• Hasbro Interactive Worldwide. Hasbro Interactive’s line of popular games is scheduled to be available for matchmaking in the Zone this summer. Players around the world already know how to play great games such as Monopoly, Scrabble, Risk and Battleship, and the Zone will allow the easiest way to play these games over the Internet. “We’re pleased to be working with Microsoft Internet Gaming Zone to make online gaming relevant to a truly mass-market audience,” said Gary Carlin, Hasbro Interactive vice president of marketing. “Joining Hasbro Interactive’s best-selling CD-ROM games with the Zone’s easy Internet play gives the average person and family a compelling reason to go online.”

  • DWANGO. To help satiate hard-core gamers’ appetites for consistently fast game play at the absolute lowest possible latency, the Zone is working with DWANGO to provide Zone members with easy access to DWANGO’s network of dial-up gaming servers. Starting this summer, the agreement will allow Zone members the use of dial-up matchmaking services through DWANGO’s dedicated network of servers, which are currently available in 22 U.S. cities. Using DWANGO servers will provide hard-core gamers a premium, low-latency multiplayer option at a low cost.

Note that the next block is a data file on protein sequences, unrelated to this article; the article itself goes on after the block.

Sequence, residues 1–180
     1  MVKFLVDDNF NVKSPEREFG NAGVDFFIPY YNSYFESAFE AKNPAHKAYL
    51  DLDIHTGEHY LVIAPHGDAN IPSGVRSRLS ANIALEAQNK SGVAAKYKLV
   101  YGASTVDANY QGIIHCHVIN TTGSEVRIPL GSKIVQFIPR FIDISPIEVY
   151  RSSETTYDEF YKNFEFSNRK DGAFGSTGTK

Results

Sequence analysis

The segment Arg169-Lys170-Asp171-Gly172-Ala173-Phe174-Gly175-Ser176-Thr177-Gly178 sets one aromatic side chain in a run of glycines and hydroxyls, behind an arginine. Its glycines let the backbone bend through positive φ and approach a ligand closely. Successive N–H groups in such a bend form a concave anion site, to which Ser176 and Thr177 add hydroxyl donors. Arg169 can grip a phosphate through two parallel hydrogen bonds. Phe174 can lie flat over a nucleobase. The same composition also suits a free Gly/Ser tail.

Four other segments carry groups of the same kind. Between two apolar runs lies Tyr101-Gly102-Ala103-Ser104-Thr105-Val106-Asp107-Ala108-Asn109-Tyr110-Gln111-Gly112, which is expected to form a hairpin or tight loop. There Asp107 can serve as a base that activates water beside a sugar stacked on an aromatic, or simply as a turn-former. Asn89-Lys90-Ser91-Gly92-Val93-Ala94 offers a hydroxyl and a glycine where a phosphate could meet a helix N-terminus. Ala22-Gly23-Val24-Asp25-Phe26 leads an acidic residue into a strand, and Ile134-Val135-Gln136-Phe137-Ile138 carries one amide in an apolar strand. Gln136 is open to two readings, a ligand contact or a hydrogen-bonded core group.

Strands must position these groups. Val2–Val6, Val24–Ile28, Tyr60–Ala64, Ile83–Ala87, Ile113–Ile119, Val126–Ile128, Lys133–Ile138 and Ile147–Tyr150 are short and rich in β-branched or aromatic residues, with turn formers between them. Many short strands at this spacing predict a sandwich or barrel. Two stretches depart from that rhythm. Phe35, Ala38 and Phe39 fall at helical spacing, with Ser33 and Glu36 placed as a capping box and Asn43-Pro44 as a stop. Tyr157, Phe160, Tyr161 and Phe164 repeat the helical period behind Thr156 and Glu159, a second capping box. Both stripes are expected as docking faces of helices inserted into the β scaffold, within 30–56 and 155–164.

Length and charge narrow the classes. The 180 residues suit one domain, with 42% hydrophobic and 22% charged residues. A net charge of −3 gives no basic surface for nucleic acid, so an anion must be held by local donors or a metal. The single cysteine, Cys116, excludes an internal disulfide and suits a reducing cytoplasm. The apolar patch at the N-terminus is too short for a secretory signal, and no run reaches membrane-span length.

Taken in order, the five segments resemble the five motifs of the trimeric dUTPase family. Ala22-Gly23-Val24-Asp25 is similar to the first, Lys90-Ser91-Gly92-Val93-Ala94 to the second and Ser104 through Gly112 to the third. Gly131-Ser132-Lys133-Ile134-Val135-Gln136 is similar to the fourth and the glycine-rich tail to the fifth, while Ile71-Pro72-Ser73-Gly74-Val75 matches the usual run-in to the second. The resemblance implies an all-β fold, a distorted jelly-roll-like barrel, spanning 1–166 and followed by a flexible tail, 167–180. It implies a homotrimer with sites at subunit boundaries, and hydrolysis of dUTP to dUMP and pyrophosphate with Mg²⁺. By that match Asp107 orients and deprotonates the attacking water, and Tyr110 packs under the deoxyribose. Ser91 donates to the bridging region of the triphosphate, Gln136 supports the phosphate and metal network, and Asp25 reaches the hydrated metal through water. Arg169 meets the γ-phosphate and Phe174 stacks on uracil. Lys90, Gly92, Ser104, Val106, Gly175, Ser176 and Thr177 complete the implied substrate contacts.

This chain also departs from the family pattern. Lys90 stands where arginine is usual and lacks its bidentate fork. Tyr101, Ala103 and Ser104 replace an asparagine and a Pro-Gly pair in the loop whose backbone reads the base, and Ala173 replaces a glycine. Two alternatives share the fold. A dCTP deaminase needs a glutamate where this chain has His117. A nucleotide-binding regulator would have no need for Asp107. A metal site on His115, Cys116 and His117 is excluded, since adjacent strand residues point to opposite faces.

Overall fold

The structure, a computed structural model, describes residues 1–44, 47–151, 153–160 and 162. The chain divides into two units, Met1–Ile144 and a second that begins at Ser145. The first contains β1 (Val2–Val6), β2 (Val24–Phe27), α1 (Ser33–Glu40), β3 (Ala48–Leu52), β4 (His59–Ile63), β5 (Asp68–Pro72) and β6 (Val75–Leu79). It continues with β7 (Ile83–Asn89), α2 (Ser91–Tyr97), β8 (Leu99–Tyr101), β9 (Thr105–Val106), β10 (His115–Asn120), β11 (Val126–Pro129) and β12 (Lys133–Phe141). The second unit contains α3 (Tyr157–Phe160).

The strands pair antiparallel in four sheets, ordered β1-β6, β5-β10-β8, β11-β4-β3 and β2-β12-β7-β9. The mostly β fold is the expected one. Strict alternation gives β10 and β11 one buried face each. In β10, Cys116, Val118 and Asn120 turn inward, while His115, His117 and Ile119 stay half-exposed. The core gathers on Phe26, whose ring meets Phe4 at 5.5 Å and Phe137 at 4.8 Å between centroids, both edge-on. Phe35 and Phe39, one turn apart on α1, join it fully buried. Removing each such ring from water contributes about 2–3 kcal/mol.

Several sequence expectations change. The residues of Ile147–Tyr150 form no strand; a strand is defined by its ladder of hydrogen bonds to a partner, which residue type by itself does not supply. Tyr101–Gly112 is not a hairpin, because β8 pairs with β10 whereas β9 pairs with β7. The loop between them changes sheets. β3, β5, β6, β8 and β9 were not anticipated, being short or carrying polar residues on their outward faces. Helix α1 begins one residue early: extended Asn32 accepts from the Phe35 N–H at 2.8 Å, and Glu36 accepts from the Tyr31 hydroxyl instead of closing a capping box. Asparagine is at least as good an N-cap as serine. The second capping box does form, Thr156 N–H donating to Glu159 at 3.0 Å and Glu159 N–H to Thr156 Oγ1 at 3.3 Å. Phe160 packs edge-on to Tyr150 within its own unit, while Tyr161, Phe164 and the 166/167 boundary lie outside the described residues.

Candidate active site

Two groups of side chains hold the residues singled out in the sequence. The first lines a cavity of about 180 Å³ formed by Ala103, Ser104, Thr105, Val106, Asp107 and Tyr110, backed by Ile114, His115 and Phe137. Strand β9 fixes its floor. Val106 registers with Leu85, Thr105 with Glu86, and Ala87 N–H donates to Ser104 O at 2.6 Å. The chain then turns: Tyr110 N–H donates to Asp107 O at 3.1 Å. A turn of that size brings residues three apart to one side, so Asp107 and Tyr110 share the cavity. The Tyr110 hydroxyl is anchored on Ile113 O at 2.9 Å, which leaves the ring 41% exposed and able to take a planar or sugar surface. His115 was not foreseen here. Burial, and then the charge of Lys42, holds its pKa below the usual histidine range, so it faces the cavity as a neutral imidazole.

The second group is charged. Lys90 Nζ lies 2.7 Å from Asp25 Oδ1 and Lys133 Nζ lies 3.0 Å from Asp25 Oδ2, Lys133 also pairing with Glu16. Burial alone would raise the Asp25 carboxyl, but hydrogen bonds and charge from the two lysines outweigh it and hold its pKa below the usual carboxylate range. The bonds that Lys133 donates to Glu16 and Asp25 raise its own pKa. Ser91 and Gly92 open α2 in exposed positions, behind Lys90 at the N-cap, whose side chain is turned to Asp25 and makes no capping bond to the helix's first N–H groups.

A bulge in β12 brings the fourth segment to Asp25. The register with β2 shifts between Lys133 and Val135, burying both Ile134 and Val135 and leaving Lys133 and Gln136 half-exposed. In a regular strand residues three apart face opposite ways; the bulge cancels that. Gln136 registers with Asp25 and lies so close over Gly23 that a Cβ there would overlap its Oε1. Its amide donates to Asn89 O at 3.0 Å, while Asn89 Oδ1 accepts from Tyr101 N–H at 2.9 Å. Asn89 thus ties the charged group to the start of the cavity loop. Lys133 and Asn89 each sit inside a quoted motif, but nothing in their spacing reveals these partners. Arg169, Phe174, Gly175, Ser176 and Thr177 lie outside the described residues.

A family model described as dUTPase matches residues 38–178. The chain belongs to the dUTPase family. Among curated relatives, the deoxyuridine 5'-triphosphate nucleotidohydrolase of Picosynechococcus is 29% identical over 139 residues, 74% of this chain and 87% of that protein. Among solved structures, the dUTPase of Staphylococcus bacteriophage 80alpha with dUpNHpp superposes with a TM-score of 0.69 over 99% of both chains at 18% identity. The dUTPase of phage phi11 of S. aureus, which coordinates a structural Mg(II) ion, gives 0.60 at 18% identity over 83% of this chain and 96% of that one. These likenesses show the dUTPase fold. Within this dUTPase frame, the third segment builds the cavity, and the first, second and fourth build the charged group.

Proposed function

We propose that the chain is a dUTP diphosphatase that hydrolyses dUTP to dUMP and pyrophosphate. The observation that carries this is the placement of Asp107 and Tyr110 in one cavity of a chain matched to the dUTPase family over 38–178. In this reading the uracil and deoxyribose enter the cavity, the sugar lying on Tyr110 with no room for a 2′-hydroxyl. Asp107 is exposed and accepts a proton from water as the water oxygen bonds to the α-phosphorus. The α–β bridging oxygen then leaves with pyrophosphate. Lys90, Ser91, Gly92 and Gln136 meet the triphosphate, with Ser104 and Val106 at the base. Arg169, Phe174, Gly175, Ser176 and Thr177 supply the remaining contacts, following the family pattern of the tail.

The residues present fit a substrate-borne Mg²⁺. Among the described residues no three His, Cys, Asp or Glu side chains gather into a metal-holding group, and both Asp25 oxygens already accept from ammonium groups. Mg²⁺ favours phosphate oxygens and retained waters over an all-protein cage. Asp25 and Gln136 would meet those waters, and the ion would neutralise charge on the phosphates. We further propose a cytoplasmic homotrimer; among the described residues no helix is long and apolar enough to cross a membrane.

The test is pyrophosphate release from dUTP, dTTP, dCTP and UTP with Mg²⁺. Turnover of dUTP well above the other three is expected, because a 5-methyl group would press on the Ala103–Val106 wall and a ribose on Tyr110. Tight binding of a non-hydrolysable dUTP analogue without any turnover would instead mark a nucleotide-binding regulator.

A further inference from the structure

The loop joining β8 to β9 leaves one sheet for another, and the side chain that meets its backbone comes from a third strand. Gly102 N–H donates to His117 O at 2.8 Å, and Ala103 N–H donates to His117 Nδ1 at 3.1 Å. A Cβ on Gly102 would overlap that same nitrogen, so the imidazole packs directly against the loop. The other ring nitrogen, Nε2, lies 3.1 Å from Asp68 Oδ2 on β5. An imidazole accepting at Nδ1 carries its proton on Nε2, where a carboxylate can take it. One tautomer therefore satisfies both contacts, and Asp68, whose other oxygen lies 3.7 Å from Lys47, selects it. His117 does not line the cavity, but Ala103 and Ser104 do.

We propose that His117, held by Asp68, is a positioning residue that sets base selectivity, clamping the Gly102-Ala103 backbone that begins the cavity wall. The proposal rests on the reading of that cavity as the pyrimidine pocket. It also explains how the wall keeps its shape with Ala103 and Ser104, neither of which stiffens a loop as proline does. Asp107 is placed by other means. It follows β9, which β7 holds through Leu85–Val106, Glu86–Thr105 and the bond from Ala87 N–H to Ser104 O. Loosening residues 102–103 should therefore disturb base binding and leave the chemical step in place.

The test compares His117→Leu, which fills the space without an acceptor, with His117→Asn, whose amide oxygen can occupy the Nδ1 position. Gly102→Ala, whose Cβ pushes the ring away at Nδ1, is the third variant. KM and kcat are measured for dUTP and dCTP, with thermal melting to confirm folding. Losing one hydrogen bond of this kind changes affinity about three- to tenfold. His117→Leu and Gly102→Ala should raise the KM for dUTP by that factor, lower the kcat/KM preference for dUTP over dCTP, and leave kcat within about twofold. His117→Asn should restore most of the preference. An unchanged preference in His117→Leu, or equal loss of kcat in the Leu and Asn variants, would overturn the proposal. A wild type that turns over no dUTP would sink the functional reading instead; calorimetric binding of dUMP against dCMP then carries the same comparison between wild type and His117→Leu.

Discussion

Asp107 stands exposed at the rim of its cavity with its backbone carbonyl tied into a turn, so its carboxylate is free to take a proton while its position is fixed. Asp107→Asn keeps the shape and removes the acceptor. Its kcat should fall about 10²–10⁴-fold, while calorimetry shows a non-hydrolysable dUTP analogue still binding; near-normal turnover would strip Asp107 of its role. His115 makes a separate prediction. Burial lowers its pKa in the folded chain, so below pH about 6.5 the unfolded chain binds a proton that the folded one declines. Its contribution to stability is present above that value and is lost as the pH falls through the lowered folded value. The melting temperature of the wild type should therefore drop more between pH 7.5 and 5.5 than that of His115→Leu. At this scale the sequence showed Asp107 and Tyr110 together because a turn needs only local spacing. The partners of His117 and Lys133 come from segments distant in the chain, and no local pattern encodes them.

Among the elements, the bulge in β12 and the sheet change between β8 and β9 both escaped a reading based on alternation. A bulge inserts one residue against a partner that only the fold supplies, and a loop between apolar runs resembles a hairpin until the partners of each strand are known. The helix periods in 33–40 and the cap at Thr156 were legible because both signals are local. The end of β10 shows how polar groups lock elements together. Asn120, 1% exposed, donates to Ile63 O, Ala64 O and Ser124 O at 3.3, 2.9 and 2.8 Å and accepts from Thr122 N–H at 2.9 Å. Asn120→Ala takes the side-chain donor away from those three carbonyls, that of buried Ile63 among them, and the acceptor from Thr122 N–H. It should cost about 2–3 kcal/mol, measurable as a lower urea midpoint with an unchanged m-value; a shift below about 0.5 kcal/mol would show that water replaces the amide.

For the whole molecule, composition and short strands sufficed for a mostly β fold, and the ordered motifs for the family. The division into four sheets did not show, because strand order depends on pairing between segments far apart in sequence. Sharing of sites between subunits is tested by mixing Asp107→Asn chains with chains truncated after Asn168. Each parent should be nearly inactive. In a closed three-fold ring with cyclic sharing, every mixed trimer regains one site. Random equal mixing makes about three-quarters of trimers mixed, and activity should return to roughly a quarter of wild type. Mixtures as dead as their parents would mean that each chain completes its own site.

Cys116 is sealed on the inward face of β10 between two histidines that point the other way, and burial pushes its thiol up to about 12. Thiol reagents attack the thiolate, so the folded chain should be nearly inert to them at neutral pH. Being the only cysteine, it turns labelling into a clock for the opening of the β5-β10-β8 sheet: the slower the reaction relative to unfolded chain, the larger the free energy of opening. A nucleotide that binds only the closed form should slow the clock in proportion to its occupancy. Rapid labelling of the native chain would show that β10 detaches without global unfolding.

Microsoft’s Publishing Framework for Internet Gaming

Microsoft plans to continue to provide free matchmaking for CD-ROM games as well as classic games. The company will fund this free space through advertising and corporate sponsorship. Offering free matchmaking services will enable Microsoft to deliver an unprecedented volume of gamers to publishers who use the Zone for Internet play.

From a technical perspective, ZoneMatch supports the Microsoft DirectPlay® application programming interface (API), which provides an easy foundation for game developers to multiplayer-enable their game. Together, DirectPlay and ZoneMatch provide a development framework and a publishing vehicle for game developers interested in delivering an Internet game to a ready market.

“Made-for-Medium” Games and Tournaments Deliver High-Flying Fun

Microsoft is developing “made-for-medium” games designed exclusively for Internet play. The first such game, currently titled Fighter Ace